Skip to Main Content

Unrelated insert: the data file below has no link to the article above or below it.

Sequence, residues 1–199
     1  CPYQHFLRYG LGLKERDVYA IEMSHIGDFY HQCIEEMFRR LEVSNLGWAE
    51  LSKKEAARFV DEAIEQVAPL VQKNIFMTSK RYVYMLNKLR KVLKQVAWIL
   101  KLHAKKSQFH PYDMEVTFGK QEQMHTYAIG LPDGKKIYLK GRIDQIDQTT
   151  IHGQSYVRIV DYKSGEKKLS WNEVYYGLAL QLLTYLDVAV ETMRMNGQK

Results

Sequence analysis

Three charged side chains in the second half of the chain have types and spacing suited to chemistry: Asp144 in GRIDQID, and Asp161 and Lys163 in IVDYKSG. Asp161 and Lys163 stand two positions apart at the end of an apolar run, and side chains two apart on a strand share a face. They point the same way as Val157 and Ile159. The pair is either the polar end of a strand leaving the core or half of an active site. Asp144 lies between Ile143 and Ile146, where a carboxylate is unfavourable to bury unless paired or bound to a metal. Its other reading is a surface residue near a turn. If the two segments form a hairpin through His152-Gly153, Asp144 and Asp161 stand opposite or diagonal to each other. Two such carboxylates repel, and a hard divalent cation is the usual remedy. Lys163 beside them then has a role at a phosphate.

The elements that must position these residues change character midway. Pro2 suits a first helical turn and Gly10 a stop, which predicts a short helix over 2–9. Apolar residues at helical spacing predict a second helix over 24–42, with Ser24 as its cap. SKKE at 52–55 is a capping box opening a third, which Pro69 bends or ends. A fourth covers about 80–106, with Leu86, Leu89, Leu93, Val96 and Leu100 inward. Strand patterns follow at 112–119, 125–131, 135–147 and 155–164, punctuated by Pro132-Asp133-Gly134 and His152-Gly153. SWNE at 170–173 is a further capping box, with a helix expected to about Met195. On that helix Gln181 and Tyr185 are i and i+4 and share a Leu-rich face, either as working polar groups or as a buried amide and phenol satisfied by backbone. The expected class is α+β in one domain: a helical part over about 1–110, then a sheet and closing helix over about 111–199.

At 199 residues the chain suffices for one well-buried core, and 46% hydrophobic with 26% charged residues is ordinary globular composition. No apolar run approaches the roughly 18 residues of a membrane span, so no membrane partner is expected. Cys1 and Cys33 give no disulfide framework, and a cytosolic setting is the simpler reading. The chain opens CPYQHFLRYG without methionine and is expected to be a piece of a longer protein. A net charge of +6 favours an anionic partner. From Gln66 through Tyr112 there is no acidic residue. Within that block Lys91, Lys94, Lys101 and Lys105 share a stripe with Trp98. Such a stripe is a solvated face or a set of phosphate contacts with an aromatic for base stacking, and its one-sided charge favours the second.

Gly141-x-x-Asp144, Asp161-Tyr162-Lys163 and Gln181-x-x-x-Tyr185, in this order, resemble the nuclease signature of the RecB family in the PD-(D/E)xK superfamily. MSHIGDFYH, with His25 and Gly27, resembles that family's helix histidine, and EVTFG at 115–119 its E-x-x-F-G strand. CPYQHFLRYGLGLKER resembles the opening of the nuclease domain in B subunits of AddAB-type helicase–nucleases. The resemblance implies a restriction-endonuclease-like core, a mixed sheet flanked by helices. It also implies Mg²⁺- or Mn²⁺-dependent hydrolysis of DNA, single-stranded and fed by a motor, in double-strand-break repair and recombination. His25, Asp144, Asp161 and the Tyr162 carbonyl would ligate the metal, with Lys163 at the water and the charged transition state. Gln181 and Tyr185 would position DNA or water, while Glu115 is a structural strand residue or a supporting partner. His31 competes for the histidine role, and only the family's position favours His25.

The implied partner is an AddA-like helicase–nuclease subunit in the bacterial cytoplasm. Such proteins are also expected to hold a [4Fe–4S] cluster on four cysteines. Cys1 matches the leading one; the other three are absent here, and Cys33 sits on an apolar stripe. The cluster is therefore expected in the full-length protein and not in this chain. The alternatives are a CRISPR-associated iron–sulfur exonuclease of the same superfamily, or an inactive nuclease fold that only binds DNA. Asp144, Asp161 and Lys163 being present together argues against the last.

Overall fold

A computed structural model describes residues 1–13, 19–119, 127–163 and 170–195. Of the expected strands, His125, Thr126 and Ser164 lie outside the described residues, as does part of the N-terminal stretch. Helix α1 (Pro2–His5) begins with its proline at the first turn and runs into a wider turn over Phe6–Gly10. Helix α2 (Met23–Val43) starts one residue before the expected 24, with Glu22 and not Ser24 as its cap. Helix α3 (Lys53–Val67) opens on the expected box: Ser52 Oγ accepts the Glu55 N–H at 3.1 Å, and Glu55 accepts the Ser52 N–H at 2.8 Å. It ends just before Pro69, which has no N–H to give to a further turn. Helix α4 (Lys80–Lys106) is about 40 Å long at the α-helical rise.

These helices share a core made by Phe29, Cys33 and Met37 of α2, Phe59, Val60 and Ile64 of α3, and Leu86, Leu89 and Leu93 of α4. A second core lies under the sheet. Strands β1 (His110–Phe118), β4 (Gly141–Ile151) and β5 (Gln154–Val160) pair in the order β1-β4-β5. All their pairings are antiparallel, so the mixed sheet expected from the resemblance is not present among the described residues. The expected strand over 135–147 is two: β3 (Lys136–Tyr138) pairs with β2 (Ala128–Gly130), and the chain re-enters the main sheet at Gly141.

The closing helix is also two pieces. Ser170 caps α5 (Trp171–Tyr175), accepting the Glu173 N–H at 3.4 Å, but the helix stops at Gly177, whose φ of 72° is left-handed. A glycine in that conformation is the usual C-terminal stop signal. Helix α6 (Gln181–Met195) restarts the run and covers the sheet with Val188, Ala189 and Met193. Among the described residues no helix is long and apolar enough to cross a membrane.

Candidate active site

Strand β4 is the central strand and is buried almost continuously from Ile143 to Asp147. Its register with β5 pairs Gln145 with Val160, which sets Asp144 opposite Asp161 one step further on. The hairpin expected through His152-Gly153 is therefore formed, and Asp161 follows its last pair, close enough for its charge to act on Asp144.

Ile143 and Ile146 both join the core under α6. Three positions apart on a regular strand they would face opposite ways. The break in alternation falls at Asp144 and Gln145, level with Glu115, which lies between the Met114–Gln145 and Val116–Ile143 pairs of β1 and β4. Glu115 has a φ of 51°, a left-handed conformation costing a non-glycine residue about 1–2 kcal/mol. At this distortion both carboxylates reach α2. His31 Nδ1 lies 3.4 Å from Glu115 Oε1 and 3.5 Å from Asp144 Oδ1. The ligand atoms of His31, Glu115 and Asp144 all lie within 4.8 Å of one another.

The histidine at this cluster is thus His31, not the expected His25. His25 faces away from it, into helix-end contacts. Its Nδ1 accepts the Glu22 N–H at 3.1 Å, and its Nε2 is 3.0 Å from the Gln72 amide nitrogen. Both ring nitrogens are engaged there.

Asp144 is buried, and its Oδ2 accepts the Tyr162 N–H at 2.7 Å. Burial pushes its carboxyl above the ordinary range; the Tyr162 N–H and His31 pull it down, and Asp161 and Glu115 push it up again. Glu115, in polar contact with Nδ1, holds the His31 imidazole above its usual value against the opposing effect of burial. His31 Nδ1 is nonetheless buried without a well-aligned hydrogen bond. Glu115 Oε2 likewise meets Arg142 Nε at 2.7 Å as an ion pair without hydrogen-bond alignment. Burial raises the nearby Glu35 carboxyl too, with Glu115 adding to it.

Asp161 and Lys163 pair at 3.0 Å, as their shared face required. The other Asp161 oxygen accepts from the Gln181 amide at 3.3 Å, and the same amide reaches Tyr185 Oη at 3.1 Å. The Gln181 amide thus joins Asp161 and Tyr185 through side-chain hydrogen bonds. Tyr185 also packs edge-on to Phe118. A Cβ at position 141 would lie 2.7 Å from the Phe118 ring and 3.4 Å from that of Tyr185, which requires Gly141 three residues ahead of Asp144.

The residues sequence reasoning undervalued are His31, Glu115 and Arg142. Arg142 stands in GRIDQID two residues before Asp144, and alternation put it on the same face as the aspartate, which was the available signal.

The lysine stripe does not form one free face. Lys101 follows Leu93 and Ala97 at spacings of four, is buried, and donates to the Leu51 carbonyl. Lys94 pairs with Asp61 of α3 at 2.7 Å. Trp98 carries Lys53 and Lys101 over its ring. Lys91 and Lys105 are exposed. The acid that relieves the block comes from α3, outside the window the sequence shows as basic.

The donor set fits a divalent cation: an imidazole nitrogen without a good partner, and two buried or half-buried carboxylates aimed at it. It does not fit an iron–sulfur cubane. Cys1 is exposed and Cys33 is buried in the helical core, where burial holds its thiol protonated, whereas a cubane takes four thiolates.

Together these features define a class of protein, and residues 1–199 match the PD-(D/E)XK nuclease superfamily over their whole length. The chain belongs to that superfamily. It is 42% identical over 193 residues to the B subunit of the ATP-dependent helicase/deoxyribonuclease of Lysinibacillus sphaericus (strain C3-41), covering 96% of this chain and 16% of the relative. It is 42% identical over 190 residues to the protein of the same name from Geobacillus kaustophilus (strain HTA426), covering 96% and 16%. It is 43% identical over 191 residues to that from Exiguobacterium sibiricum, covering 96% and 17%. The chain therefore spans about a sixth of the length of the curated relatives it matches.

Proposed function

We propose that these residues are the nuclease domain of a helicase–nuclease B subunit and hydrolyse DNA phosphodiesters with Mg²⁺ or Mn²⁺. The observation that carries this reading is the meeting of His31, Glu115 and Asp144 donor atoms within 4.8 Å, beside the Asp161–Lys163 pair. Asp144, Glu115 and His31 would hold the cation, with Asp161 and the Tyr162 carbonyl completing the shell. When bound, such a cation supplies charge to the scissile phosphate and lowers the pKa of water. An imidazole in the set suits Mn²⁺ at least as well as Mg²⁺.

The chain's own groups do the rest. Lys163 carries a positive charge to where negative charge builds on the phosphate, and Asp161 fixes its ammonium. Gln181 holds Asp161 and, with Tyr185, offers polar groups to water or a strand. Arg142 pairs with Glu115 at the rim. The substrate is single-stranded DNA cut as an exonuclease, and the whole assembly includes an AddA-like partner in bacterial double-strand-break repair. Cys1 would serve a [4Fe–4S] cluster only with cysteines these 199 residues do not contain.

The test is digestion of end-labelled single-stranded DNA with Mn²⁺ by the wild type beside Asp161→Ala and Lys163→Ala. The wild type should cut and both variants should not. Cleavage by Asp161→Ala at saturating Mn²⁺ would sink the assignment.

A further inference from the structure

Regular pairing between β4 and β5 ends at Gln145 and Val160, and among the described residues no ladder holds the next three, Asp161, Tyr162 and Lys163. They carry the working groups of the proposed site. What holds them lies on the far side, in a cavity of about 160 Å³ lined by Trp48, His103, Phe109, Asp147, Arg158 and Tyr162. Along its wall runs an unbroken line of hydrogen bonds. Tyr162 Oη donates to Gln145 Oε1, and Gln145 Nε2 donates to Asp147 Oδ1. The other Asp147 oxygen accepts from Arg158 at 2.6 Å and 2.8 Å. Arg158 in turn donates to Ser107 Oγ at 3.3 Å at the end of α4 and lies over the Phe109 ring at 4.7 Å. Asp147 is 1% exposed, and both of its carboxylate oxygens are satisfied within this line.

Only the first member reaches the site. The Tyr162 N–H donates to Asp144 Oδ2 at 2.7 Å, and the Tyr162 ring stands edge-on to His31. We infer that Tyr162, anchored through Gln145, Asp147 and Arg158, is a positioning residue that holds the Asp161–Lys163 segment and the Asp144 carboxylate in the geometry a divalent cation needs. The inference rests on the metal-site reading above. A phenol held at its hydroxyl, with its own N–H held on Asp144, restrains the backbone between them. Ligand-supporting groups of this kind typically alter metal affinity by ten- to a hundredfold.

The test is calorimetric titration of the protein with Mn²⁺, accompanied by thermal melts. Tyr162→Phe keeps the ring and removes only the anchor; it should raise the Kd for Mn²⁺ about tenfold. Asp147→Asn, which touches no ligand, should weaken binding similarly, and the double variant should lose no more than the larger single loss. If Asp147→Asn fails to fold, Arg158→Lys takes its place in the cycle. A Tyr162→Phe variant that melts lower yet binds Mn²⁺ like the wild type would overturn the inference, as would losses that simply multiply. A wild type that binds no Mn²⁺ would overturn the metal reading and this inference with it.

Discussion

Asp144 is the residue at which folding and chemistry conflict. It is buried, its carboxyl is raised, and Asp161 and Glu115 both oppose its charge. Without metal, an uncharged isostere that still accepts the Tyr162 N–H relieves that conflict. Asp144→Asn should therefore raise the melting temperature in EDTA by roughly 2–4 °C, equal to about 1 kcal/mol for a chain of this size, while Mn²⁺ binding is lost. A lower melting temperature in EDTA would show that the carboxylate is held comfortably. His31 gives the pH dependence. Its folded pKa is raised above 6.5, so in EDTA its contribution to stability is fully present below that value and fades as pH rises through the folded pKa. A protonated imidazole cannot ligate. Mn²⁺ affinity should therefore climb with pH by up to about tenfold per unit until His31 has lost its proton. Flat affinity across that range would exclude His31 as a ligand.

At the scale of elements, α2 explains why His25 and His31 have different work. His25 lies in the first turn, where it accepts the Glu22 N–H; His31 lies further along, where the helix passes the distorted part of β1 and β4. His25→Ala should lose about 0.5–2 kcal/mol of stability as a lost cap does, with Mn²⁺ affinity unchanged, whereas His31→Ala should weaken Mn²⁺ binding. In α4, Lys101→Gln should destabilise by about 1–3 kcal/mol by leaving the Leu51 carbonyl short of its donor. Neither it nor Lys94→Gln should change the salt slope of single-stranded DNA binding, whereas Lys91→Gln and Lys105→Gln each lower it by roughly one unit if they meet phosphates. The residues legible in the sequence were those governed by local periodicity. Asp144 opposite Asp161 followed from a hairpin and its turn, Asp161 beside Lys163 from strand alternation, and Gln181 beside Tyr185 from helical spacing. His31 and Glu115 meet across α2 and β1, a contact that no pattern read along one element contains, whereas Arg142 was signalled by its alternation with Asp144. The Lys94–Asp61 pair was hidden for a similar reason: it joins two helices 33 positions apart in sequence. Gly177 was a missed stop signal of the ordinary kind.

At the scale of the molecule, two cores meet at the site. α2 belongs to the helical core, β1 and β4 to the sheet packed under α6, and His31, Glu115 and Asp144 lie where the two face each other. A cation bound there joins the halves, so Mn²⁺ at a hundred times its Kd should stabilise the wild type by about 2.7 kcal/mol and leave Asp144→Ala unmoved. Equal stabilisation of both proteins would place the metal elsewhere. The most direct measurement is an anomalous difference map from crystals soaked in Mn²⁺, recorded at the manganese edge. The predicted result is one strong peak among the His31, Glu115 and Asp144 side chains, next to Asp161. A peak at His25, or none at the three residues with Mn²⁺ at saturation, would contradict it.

An investigation into the suitability of magneto-rheological (MR) clutches in the context of developing feasible actuation solutions for physical human-robot interaction is presented. Contact and collision forces pose great danger to humans, and thus, the primary criteria for actuator development is safety. While the majority of existing solutions make use of mechanical compliance in some form, in this paper, we will approach the problem by considering the use of MR clutches for coupling the motor drive to the joint. The suitability of MR actuators to provide an intrinsically safe actuation platform is investigated by modeling the torque to mass, and torque to inertia ratios, as well as output impedance of the MR clutch. These figures are compared to commercially available servo motors as well as mechanically compliant based human-safe actuator models. The MR clutch is analytically shown to have superior mass and inertia characteristics over servo motors while either matching or surpassing the intrinsic safety characteristics of the modeled compliant actuator. The implementation of MR-clutch-based actuation systems is investigated by examining the distributed active semiactive approach. The proposed approach is discussed in terms of mechanical as well controller complexity and relates the investigation to the feasibility of practical implementations. Performance characteristics are empirically investigated by experimentation with a prototype MR clutch constructed for this purpose. The prototype MR clutch can transmit torque up to 75 Nm and has a bandwidth of 30 Hz. Torque to mass and torque to inertia ratios of the prototype MR clutch are substantially greater than that of comparable servo motors. Conclusions drawn from this investigation indicate that indeed MR clutch actuation approaches can be developed to balance safety and performance while maintaining reasonable system complexity.